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MYC's 30th Anniversary Tour

by Manhattan Yacht Club on 13 Sep
Arabella Manhattan Yacht Club
To help celebrate our Club's 30th Anniversary, we organized a tour up Long Island Sound with Arabella and the two America's Cup 12 Meters. It was one of our greatest club trips ever.

Thirty-four Members and their guests filled Arabella with an incredible feeling of camaraderie during the week. Every cabin was booked. The Tour began on Sunday evening when Arabella motored out of Morris Canal and anchored in front of the Statue of Liberty. Cocktails were followed by dinner as the sun set and the Statue lit up. After midnight, guests retired to their bedrooms and arose in the morning to one of the most magnificent views in our city. Then Arabella raised her anchor and headed off to the first stop, the historic and prestigious Larchmont Yacht Club.

Joining Arabella on this trip were the two America's Cup 12 Meters, US 42 and 46. Both of these 12 Meters are named America II and were built for the 1987 America's Cup in Freemantle, Australia. These yachts are also celebrating the 30th Anniversary of those Cup Races. The 12 Meters are owned by the NY Harbor Sailing Foundation and this past winter, many Members helped raise over $100,000 to restore US 42. She has been returned to sailing trim and this was the first summer when two 12 Meters sailed together in NY Harbor.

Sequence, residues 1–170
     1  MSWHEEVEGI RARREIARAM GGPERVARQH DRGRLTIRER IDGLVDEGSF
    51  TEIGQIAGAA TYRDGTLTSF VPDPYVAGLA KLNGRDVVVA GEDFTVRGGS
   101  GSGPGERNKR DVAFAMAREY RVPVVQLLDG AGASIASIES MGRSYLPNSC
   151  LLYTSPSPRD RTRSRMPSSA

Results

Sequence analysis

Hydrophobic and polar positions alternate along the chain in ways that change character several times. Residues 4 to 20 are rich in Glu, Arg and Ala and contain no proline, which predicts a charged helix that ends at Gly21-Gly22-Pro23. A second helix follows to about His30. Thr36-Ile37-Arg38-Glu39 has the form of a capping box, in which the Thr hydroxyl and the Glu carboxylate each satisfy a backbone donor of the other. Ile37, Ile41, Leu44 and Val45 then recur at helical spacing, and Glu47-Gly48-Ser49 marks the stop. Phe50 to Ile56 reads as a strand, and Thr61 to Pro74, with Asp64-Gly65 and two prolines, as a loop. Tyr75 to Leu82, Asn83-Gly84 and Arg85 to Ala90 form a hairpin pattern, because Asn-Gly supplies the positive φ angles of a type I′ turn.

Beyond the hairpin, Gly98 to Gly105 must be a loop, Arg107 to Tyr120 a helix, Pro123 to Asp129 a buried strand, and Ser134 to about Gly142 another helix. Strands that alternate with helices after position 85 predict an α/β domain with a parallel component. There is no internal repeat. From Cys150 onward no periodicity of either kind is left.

The 12 Meters are supported by a group of Friends who donate money to cover their annual operating costs. There are about 55 friends involved in the US 46 team which has been operating for 10 years and about 35 friends in the US 42 team which is new this year.

The idea behind the Tour is to share these important pieces of American yachting tradition with more sailors. We show up at a yacht club's dock with the two 12 Meters, flip a coin, give the host club one 12 Meter and we sail the other. Then we head out for a few races. After sailing, we invite the host yacht club onboard Arabella for Mt Gay Rum and tonics. Then all of our Members are invited ashore for dinner at the host club.

The first club along the Tour was the historic Larchmont Yacht Club, home to many America's Cup sailors. Larchmont has a grand tradition of racing at the highest levels, throughout Long Island Sound and the world. It was a great honor for our Club to share this history and 'yacht club' style. Thanks very much to LYC Members Dick York and Jim Lawless for liaising with our Club to create this magical event.

On the race course, Larchmont fielded the most impressive team of the week, complete with several America's Cup veterans. The weather was overcast which also meant wind. Three races were held. In Race 1, Larchmont led the whole way until the finish when a shift from the south enabled the MYC boat to sneak by.

In race two, the southerly shift continued and MYC was able to go south first off the starting line to gain an initial lead. But downwind, both boats pulled even near the leeward mark. MYC rounded outside and to leeward with LYC inside to windward. Both yachts headed off on a port tack and as the wind continued to clock, LYC was forced to tack off for clear air, leaving MYC to win. In the final race, LYC came back to claim a victory.

After sailing, all LYC members were invited aboard Arabella for a Mt Gay Rum party. More drinks were consumed than at any other stop on the Tour, perhaps attributable to it being the first evening and the rainy conditions. From there, everyone rode a launch to LYC for dinner. Larchmont has one of the best nautical rooms in the country, directly inside the club and looking out over Long Island Sound. For anyone interested in understanding 'yachting style,' this room is a must place to experience.